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How Much Water do Rabbits Need? [Rabbit Water Consumption]

rabbit drinking

To survive, rabbits just like us humans need constant access to fresh water. However, the question arises, how much water does your rabbit actually need? This is a fair question and if you’re a new rabbit owner, or looking to get one then you must understand your rabbit’s dietary needs.

Roughly rabbits need to consume around 10% of their body weight in water daily. Remember, your rabbit should always have access to a fresh water supply.

This is purely a guideline as there are a wide variety of factors to take into account when establishing your rabbit’s required water consumption.

Every rabbit will be different in terms of their general health, a factor that can affect how much water your rabbit drinks. Another factor to consider is temperature, If kept in a warmer climate just like humans, rabbits will need to drink more to keep hydrated.

Your rabbit’s diet will also play a part in how much water it consumes. It’s common that rabbits that eat more dry food tend to drink more water as the dry food absorbs water.


Rabbit Water Considerations

rabbits drinking
Image Credit: windyotter, Shutterstock


It’s important to note, rabbits won’t drink water if it’s warm. So, if your rabbit is kept in a warmer climate refresh your rabbit’s bowl or bottle regularly with cold fresh water.

Our recommendation is to go for a good rabbit water bottle as your rabbit source of water.

This is because bottles such as the Lixit SLX0670 hold a decent amount of water. This means you won’t need to constantly refresh the bottle the same way you would with a bowl.

An issue with water bowls can be that they often get dirty. With the large surface area to drink from hay, dirt and even insects can find their way into the bowl. As water bottles have a snout, it’s a lot more difficult for the water to be made dirty.

This is why we personally recommend water bottles for rabbits. However, every rabbit is different and if your rabbit seems to prefer drinking from a bowl then you can go with that option. Just remember, it’s important you make sure the water stays clean and fresh.

rabbit drinking
Image Credit: Max, Pexels


Worried About Your Rabbits Water Consumption?

If you fear that your rabbit is not drinking enough water, there can be a variety of reasons why this might be.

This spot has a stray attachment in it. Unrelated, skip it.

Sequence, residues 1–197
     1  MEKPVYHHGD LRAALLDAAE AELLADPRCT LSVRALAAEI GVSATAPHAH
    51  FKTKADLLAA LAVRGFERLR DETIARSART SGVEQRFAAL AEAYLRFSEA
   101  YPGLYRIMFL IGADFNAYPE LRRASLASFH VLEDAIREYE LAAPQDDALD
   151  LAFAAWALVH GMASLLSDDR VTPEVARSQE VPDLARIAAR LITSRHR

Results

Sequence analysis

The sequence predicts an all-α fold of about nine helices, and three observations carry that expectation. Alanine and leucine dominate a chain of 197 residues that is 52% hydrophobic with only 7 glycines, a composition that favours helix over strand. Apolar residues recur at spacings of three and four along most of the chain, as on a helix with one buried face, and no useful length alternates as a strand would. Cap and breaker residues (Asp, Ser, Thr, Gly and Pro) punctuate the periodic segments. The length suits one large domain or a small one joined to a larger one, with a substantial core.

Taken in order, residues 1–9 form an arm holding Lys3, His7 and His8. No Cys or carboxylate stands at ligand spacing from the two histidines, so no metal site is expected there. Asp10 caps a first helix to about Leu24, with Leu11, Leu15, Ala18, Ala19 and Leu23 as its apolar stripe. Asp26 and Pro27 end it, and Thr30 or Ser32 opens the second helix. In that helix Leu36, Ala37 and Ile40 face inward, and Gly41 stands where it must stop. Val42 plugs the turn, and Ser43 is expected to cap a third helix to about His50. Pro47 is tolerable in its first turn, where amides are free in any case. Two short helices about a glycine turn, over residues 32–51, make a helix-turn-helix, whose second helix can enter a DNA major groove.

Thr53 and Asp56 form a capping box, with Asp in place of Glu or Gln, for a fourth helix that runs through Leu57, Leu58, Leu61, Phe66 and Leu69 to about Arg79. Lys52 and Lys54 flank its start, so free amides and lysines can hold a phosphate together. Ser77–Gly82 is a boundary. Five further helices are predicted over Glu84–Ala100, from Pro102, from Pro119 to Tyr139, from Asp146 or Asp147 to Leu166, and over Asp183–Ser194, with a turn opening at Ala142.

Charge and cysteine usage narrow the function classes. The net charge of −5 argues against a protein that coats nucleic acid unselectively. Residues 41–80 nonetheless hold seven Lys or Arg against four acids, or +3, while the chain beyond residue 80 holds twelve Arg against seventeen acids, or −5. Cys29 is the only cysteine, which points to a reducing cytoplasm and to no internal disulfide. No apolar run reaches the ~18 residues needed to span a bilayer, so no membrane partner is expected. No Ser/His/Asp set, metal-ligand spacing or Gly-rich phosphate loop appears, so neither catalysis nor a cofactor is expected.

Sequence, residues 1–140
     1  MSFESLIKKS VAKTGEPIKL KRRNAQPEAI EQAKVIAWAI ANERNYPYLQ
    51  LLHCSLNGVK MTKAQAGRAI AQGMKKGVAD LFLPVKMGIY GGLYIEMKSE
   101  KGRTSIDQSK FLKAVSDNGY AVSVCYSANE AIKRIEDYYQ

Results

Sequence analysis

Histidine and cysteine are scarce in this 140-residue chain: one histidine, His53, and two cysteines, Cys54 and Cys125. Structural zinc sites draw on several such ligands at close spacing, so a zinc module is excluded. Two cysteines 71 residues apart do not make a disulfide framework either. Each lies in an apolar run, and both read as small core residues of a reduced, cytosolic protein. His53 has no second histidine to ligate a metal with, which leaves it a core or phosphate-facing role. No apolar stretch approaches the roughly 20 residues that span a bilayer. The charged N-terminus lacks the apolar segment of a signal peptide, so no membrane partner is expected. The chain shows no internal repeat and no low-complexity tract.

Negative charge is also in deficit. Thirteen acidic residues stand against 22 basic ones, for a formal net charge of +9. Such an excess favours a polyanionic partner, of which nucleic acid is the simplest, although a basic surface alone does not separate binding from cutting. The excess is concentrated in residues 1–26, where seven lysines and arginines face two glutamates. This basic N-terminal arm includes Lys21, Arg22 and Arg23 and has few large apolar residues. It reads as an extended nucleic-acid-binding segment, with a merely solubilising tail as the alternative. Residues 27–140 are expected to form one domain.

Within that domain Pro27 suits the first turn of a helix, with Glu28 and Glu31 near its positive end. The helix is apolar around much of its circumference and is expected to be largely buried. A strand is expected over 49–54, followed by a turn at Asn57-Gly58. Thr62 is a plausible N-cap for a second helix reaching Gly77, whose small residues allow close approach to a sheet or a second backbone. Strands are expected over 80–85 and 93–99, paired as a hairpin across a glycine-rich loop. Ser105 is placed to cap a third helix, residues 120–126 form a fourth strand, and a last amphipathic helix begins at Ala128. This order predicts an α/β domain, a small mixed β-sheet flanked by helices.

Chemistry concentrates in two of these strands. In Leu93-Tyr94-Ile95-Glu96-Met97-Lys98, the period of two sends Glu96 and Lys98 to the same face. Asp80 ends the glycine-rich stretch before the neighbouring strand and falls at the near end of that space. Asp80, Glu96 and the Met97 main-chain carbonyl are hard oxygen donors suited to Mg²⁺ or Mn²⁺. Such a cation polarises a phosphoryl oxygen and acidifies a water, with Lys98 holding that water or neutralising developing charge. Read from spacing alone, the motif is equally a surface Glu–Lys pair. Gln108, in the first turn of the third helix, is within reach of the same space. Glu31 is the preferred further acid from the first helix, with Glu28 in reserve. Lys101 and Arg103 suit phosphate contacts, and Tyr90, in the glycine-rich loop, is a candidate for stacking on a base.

If you have recently changed your rabbit’s diet or moved to a different climate it might be that your rabbit’s thirst levels may have dropped. This can be considered relatively normal. Providing that your rabbit water consumption hasn’t dropped too drastically.

If your rabbit has stopped drinking water altogether, this can often indicate a more serious issue.

For example, if your rabbit has a gum disease and it’s stopped drinking from its water bottle. This could be because the snout is causing your rabbit pain along with its gum disease. Try replacing its water bottle with a water bowl and see if it finds more comfort drinking from that.

However, please remember; we are not professional experts. If you have any general health concerns for your rabbit, we always recommend that you do get an expert opinion. If your rabbit has stopped drinking water, or you have any general concerns that may be related to its health, consult a vet.

You can always make use of dedicated animal care websites such as the RSPCA which has great information on caring for rabbits.



Your rabbit must have a constant supply of fresh and clean water. Whether this is from a water bottle or a water bowl, it doesn’t really matter each has its pros and cons.

If your rabbit is drinking slightly more or less than the recommended 10% of its body weight, don’t panic too much. This can be down to the type of environment it lives in, or even its dietary habits.

If your rabbit is drinking an unhealthy amount of water, such as none at all or a really high amount, consult a vet. This will ensure that your rabbit gets its health checked as quickly as possible but also give you the reassurance that you need as a rabbit owner.

Featured Image Credit: H.M. Stolker, Pixabay

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